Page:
National Press Club operations manager Rex Benson, pictured with the larger-than-life Hewitson, was there at the style maker’s 70 birthday celebration in Australia.

Why is this prophet of the profitable London wine bar celebrated everywhere save his own land? And at a time when entrepreneurs especially those in international cuisine are shouldering out rugger players in the national Pantheon?

With homes in several of the world’s most sought after destinations the former music reviewer on Victoria University’s student publication Salient remains one of New Zealand’s unclaimed assets.

Might not the Horowhenua lad’s next birthday be celebrated not in the Barossa Valley, but perhaps in Marlborough or Martinborough?

Tuesday, 12 May 2015 16:06

Death of Carrick Lewis

Death of Carrick Lewis

Carrick Lewis who has died after a long illness was a determined and contributing member of the National Press Club.
He was one of a number of high-level public sector administrators who joined the club via the University Club and then the Civil Service Club as these clubs reluctantly closed their doors for the last time.Carrick Lewis

Of measured and considerate manner he was a studious listener who enjoyed being drawn into discussions, be they practical, abstract, or doctrinal. He attended all annual general meetings of the National Press Club, and took the proceedings with notable seriousness and attention to detail.

He was for many years involved with the United Nations Association being national president in the early 1990s. He was a former president of the National Library Society, and was prominent mover behind Grey Power.  He was much to the fore in cultivating closer relations between the USSR- Russia and New Zealand, and at a time when there was much hostility toward the Soviets.

His mild and accommodating manner disguised though his fierce determination to promote the interests of what he saw as underdogs. This also extended to individuals and entities of money and power if he believed that they were being treated as underdogs.

He was born in 1937. He is survived by his wife Norina.

Monday, 11 May 2015 16:04

National Press
Club Stalwart
Addresses Poland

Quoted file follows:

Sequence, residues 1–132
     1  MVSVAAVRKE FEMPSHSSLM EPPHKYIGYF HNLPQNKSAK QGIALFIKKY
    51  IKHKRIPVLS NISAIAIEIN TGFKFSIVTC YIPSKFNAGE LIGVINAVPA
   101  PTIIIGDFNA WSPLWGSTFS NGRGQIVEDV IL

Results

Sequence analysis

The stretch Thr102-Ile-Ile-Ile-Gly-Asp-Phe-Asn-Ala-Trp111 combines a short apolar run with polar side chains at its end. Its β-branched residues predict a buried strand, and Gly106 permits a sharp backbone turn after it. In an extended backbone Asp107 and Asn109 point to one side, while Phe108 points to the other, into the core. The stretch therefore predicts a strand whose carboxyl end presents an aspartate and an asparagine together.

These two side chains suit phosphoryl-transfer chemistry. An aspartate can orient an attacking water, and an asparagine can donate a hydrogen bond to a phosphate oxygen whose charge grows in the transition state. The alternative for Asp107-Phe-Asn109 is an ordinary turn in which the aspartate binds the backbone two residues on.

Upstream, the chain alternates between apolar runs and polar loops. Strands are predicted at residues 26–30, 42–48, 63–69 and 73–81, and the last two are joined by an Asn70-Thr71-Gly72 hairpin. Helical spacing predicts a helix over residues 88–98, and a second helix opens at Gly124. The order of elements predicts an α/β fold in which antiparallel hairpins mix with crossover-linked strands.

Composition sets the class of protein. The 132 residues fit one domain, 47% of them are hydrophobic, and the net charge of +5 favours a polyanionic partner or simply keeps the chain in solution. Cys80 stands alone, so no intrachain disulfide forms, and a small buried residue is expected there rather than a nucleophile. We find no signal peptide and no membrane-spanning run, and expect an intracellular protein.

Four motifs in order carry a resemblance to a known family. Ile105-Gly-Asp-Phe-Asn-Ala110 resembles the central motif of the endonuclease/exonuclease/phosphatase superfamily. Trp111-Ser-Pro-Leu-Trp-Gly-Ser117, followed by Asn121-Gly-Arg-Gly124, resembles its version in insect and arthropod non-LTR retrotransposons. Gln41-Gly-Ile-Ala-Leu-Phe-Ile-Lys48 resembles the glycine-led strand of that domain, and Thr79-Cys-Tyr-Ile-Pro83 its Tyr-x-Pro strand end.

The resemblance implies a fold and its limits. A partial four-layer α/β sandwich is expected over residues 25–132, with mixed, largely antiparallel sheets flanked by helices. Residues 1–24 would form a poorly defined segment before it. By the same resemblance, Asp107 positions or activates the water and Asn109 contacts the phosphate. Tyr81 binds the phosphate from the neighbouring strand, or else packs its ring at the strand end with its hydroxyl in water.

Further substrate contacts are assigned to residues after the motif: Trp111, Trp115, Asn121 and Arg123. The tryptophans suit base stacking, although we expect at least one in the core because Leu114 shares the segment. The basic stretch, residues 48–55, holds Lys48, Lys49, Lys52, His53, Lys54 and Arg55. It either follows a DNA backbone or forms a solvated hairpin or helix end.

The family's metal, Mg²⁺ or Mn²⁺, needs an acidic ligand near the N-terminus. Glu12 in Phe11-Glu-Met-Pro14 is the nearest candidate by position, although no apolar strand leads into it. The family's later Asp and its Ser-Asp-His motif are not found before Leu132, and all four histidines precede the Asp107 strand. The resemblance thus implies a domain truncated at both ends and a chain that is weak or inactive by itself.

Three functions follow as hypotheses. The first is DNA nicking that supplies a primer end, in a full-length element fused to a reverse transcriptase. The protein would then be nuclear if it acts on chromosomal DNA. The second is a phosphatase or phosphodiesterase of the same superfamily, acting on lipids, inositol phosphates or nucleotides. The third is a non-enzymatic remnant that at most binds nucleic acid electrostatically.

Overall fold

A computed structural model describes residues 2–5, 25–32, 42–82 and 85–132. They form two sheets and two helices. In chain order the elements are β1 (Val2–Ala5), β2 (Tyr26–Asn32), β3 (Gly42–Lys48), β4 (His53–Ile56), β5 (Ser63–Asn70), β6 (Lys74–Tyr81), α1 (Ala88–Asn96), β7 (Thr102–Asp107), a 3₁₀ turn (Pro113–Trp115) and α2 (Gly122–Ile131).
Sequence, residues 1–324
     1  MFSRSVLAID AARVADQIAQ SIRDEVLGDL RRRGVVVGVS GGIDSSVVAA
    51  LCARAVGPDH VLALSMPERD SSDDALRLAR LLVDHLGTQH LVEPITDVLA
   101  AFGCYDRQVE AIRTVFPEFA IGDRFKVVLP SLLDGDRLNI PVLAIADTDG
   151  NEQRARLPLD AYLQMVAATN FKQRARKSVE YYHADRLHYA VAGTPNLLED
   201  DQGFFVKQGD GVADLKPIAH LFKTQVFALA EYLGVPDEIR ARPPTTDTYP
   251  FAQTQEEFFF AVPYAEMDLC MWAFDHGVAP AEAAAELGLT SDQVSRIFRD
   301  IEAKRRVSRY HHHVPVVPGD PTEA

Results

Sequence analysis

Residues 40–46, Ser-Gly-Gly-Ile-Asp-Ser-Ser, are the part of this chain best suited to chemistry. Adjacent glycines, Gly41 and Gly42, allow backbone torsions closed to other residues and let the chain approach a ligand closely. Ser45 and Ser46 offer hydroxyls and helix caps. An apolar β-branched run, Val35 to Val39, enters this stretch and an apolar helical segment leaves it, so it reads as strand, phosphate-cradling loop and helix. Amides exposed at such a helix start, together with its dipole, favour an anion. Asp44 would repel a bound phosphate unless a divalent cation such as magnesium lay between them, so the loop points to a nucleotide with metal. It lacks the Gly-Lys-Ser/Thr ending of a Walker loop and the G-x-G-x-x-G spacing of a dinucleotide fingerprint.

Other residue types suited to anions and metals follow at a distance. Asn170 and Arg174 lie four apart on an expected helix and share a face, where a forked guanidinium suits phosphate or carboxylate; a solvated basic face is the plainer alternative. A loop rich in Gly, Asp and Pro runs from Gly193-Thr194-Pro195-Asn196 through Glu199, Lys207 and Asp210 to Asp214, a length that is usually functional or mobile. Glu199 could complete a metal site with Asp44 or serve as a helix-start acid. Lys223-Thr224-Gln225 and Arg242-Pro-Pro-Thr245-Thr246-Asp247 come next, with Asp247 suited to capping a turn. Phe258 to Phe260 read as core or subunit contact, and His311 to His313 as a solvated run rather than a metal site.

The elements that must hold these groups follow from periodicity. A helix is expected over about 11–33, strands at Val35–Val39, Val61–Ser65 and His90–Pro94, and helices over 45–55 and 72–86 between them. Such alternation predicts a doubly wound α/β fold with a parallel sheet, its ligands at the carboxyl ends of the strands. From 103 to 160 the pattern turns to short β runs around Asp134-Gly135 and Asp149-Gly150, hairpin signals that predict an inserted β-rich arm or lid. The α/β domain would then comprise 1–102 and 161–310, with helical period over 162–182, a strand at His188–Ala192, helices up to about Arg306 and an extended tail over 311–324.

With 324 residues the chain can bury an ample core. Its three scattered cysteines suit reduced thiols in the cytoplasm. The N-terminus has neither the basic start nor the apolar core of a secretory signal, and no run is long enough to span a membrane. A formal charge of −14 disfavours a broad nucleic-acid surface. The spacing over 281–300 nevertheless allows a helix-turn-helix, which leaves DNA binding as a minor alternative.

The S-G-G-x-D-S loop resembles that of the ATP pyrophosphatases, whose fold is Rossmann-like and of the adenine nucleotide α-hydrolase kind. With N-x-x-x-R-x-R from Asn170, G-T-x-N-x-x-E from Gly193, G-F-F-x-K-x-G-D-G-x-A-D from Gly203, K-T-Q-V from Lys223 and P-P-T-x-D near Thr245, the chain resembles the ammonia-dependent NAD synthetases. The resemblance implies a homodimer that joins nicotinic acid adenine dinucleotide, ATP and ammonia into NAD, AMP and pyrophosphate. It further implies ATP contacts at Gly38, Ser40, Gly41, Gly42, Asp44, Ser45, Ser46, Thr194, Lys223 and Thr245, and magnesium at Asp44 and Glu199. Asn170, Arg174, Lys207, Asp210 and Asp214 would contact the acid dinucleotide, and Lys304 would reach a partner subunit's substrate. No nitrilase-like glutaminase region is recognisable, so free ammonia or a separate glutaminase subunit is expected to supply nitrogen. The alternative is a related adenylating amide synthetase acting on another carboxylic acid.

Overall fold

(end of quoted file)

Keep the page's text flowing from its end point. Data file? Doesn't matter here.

Parliament


Krystina Tomaszyk (pictured) has addressed the Polish Parliament on the topic of the post World War 2 diaspora of the nation’s peoples. She addressed the Senate, the Upper House, on the divergence of Polish peoples in different parts ofthe world. Krystina Tomaschyk Mrs Tomaszyk spoke of the variables affecting the groups in terms of geographical location and the differing attitudes of the communities in which they now found themselves.

During World War 2 she was among those forcibly deported from Poland by the Soviets to Siberia. Then via Isfahan, and through the influence of the Polish legation in Wellington, eventually arriving in New Zealand.

These experiences and what followed are related in Mrs Tomaszyk’s autobiography, Essence. In her adult career in New Zealand Mrs Tomaszyk continued to cross boundaries becoming a pioneer marriage guidance counsellor and in other areas of community health. Along the way she became a publisher, and it was in this capacity that she joined the National Press Club.

In her address to Poland’s legislature she warned that neither Poland itself nor its dispersed peoples could be complacent about their future. Past threats could recur she warned, and become present dangers.

She has been prominent in a number of internationalist associations, notably that of United Nations. She married in 1952 the late Czeslaw Tomaszyk a hero of the Polish resistance movement.

Page 2 of 2